“So it’s ok to have let’s say black pride but it’s wrong to have white pride? The confusion level is real I’m waiting for a valid Non biased point of why any race can’t be proud,” writes James Stewart, Guelph student and Facebook commenter in response to the picture above on the Overheard at Guelph Facebook page.
Mumed: Racism to most people [on this campus] is only [visible] as the extreme case.
Clarke: A lot of people posted racist comments to social media, to Yik Yak about our action. We have screenshots of their abuse, people calling us “monkeys” and stuff. And then the administrator at Guelph who addressed this, in one breath says that calling Black people animals is racist and in the next reminds us that not everyone is a racist and that it’s not the school’s fault, it’s the individual. There’s this thing where they don’t understand the systematic nature of it. The really blatant, historical context to it. This type of environment was created.
Walk me through planning and executing the action — and tell me more about the backlash to it.
Mumed: The student union — which is all white by the way — really helped us. They did anything we asked them; helped with equipment and getting the banner made. They were really supportive. At the action, we had a rally and speakers. We marched around campus and ended up at the Munford Centre. We were chanting the whole way, and the people who posted racist comments anonymously to Yik Yak didn’t like that we were disturbing them in the library with our action. When we got to the centre, we invited whoever wanted to come up with us to come up to the fourth floor to speak with administration. We had about a 20 minute conversation. It got really heated, there was a lot of passion. We didn’t want to police anyone in speaking to the administration. People were fed up.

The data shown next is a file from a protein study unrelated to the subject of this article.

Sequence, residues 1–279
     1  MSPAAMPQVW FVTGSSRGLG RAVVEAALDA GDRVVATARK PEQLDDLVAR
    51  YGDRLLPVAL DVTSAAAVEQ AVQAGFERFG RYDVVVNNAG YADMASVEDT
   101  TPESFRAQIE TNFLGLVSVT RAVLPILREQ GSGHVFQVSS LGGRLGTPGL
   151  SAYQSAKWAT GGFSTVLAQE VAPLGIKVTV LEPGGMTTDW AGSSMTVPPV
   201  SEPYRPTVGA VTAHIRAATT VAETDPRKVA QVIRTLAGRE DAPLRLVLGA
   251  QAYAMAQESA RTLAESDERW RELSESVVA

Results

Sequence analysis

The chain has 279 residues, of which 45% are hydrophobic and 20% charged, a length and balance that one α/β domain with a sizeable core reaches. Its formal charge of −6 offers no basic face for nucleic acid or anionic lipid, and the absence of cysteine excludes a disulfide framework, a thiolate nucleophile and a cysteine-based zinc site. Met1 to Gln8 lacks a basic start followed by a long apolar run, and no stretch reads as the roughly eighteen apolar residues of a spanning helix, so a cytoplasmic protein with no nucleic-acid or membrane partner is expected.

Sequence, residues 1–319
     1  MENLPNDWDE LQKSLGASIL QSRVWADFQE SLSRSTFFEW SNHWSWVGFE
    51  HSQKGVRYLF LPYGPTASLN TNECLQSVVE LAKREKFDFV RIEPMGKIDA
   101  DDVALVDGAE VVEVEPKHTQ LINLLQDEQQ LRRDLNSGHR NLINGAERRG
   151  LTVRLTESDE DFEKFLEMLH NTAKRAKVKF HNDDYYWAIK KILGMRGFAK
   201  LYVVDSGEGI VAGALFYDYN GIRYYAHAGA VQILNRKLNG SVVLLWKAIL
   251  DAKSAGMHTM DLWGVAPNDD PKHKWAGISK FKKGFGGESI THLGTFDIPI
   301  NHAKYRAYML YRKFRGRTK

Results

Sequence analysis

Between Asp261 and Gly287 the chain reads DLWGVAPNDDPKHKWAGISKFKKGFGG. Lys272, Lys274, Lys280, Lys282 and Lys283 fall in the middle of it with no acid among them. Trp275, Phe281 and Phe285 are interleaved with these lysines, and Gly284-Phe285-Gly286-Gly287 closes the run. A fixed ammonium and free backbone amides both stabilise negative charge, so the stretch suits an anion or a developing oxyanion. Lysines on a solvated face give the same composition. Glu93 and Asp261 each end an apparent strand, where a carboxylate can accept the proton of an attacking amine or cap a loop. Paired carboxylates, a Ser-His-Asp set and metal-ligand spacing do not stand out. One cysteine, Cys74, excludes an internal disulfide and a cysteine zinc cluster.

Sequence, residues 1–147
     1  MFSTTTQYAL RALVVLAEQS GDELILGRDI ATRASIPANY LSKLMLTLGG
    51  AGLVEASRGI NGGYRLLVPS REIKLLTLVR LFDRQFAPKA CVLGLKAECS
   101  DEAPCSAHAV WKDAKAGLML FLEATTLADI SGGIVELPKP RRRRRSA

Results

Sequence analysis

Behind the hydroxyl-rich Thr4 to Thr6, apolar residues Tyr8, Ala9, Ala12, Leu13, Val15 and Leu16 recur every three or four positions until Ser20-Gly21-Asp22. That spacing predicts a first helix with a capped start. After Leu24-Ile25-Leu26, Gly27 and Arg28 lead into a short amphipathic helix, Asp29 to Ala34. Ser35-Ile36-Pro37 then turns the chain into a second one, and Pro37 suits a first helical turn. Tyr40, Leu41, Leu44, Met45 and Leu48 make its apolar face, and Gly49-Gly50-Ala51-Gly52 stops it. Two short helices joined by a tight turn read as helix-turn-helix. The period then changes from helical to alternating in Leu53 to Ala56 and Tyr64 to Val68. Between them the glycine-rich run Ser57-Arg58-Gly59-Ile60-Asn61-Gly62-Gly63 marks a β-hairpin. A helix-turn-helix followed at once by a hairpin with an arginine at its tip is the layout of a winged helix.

There was a lot of backlash. People sent us messages asking us why were so “aggressive and violent.” But we know people who dressed up really respectably and went and talked very nicely to the administration in the past, including when the sole Black counsellor was fired from Munford. They got nothing.
How has the administration at Guelph responded to racism on campus in the past?
Mumed: Since my first year, there’s been an email that goes out at the beginning of the year from the school president and it explains that there have been “hateful incidents around campus” and tells us that “we just want people to know that the university does not tolerate this,” or something like that.
But you know, they send it every year, it’s copied and pasted. And we don’t know what the hateful incidents are or what the consequences were for the person who did it. After they hit send on that email, that’s it. It’s not like there’s counseling. There’s no programming, no initiative taken to combat the problem. It’s acknowledged that it happens, and that’s it. The student union doesn’t have a good relationship with the administration, because this is how they’ve chosen to handle it for so long. The administration fired the one Black counsellor. We were very upset. It had been years coming, confronting them.
Mumed: We have this idea that Canada is different. That it’s over there and not in our own backyards. That it’s so much worse in the states. We need to recognize that this system impacts us here too, but in different ways. The protests at Mizzou and the things that people brought up [there], we related to. It’s a very real experience for Black people on campus. We needed to do this because we knew that other Black students were mobilizing on the same day, at the same time on campuses across Canada. That was intentional. Organizers are meeting each other, exchanging contact information and building networks. The more of us speak up, the more we engage this, the more powerful we are. The administration might ignore us, because it doesn’t ever make it out of Guelph. There’s no exposure.
People don’t know what’s going on at these schools. We’re going to change that. We have specific demands. At Mizzou, a student was on hunger strike for four days and the administration ignored it. When their football money was [at risk], he stepped down.
Clarke: I want to see people stop pretending that this stuff isn’t real, to see that our experiences are valid. We can tend to become disconnected from our communities and our voice as Black people on campus. This is an opportunity to get closer, to build community and to change that.
Muna Mire is a writer and fact checker.
Photo: flickr/ James M